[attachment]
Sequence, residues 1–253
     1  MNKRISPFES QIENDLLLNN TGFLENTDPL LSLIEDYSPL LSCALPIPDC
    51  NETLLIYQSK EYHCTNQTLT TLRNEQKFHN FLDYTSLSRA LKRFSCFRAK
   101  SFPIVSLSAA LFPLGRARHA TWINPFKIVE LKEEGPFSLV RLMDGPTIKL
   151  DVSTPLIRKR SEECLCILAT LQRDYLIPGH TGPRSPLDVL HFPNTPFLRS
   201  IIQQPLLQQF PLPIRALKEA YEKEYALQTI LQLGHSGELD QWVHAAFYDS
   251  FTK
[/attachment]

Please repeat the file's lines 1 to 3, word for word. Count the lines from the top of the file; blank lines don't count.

Sequence, residues 1–253
     1  MNKRISPFES QIENDLLLNN TGFLENTDPL LSLIEDYSPL LSCALPIPDC
    51  NETLLIYQSK EYHCTNQTLT TLRNEQKFHN FLDYTSLSRA LKRFSCFRAK